Table 2 summarises the statistical results for this experiment. As in Experiment 1, the correlation values for whole-signal results increased from unprocessed (ρ = 0.26 ± 0.14) to processed (ρ = 0.58 ± 0.17), indicating recovered pulsatility and stability for an overall increase in signal fidelity. Statistical analysis using the heart beat instance correlation values showed a statistically significant increase in correlation for each participant except P3 . However, P3 exhibited substantial improvement upon processing (p = 0.053). This emphasises the increased beat-to-beat recovery of pulsatile components. Overall, correlation values were lower than for short-distance monitoring, but heart rate monitoring was achieved.
Strong results were obtained for short-distance measurement results, producing visually pulsatile signals and accurately extracting heart rate. Statistical significance was achieved , exemplifying the recovery of hemodynamic waveforms from a transmittance PPGI signal. The processed PPGI signal yielded smooth pulsatile components, making temporal beat-to-beat analysis feasible. For example, heart rate variability can be used as a measurement for autonomic nervous system activity20,21. The variability in correlation values across participants may be due to factors such as movement artefacts and differences in scattering and absorptive media across tissues, such as melanin (skin tone) and adipose tissue22.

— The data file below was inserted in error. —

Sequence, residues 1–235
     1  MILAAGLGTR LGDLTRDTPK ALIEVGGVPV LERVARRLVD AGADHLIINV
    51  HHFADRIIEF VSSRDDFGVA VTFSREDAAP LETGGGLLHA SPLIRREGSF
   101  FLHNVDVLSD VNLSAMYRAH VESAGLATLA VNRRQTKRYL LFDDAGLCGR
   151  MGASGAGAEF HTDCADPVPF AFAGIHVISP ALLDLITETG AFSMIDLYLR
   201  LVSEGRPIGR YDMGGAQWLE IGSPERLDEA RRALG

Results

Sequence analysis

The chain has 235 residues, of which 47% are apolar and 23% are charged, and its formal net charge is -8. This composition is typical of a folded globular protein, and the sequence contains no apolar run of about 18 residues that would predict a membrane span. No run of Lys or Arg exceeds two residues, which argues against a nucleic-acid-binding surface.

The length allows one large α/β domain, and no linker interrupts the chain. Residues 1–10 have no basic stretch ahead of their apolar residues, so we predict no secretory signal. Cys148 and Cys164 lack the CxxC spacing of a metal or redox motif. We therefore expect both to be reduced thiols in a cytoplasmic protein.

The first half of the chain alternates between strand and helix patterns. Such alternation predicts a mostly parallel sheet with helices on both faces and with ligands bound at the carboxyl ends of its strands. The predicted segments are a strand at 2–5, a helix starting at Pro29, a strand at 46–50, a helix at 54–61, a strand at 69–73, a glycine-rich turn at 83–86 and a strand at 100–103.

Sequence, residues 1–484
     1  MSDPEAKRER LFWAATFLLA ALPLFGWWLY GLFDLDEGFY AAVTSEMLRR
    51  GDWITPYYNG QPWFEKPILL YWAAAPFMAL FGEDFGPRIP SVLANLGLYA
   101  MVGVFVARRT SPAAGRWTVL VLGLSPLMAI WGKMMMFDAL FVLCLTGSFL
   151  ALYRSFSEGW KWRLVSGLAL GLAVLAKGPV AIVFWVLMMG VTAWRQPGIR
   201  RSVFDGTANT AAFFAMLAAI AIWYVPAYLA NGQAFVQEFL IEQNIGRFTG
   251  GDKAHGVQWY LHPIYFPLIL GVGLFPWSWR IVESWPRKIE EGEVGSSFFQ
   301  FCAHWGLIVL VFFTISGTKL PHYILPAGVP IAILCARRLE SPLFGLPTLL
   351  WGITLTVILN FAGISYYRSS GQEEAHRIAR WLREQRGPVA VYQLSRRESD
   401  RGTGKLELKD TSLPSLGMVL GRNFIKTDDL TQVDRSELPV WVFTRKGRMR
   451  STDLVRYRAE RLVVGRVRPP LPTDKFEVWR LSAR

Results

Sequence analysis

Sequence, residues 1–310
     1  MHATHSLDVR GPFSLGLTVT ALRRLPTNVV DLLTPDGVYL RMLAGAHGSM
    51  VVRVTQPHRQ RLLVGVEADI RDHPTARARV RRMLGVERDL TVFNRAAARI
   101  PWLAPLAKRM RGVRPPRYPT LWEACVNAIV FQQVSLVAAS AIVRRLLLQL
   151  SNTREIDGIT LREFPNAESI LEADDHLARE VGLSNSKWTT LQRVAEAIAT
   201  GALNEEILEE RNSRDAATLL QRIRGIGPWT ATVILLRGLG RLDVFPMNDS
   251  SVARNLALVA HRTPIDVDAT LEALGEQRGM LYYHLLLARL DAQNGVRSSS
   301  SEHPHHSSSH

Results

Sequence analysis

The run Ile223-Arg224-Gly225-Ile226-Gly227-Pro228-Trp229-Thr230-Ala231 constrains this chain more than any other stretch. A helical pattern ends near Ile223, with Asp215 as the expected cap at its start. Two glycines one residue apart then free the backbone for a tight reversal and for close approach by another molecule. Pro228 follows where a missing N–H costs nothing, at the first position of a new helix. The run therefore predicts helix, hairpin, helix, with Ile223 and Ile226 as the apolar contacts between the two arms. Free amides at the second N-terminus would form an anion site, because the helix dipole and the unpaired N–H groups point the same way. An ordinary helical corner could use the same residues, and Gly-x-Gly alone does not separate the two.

Long-distance monitoring yielded lower correlation values to ground-truth PPG than those for short-distance monitoring. Due to the diffuse nature of light traveling through highly scattering tissue23, the sensor irradiance is reduced, yielding weaker signals at greater distances. Furthermore, the area imaged by a single pixel increases with larger distances, thus small movements affected a larger number of pixels than in short-distance monitoring. This is apparent in the results for participant P3 (see Figure 5). The participant’s fingers were shaky, yielding high-frequency noise which the system was unable to fully remove. Automatic object tracking may alleviate this source of noise, During long-distance monitoring, statistical significance was achieved for heart beat instance correlation values in all but one participant (P3, p = 0.053), indicating the recovery of a PPGI signal.